Respect The Shooter: Jamil GS Speaks on Photographing JAY Z, OutKast, Nas, & More
ART & DESIGN
Jamil GS is a legend. The photographer, director, creative consultant and visual artist, who spends most of his time between New York and Copenhagen has shot campaigns for brands such as Supreme, Adidas, Yves Saint Laurent, Converse, Tommy Hilfiger and Levi’s, and has had his photographs appear in influential publications such as The New York Times, Rolling Stone, The Source, Dazed and Confused, Interview Magazine, i-D, The Fader, and Paper. He has extensive collection of iconic photographs that includes shots of some of the biggest names throughout entertainment. Here, photographer-extraordinaire, Jamil GS presents classic images of JAY Z, Usher, Puff Daddy, Nas, Mary J. Blige, D’Angelo, OutKast, and others.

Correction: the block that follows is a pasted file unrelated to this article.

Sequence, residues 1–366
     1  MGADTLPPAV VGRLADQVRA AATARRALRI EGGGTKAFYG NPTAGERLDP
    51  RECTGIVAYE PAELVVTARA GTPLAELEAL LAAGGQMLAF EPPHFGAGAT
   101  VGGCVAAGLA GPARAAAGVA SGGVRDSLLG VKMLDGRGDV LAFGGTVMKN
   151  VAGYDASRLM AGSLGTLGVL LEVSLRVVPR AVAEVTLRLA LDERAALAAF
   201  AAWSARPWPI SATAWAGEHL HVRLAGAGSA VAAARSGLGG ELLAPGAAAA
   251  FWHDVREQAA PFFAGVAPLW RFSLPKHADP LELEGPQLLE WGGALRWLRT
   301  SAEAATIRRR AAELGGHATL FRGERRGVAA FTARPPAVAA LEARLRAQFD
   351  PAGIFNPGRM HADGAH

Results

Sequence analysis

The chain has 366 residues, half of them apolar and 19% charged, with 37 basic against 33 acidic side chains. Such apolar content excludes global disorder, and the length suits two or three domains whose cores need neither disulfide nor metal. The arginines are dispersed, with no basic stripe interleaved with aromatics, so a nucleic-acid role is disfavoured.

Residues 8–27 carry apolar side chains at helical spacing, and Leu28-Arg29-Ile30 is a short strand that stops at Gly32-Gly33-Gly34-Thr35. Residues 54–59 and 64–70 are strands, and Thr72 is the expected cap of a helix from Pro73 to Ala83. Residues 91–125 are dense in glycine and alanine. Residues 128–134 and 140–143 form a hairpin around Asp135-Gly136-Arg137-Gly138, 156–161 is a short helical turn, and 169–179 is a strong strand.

“This is when it all began for the chief, and for me also. I think this was my second record industry gig. I remember it was low budget. I didn’t know who JAY Z was at the time, nor did anyone really in the world outside of Brooklyn, but my friend Patrick Moxy at Empire Management had a good ear for amazing talent and contacted me to shoot what would become the first professional press shots for Jay. This was gearing up to the release of Reasonable Doubt. A few of Jay’s friends from when he used to dribble down in VA came to pick me up from my Avenue A apartment in their Lexus. This was the same Lexus from the “Dead Presidents” video. I remember him saying, damn there’s a lot of freaks around here, and there was. That was back when Alphabet City was still funky. We drove to swoop Jay from his new condo off Atlantic Ave in Brooklyn and then headed to downtown Brooklyn next to the Riverside Cafe. I was impressed by the fact that Jay had brought a custom-made vanity plate made from cardboard. We used some gaffers tape and stuck it on top of the existing plate. He had also brought some bottles of Cristal that he placed by the windshield inside the car. This is some pretty clear symbolism and Jay knew exactly what kind of image he wanted, even back then. I also did some shots at Battery park, just to be in the middle of all the wealth. I asked him to pose in front of a giant yacht and told him that one day he would own one himself. He smiled and responded “no doubt.” I was inspired by the album cover of Donald Byrd’s A New Perspective, and shot this with a Hasselblad 553, using a 40mm lens. I shot using Kodak Tri-x 400 film.”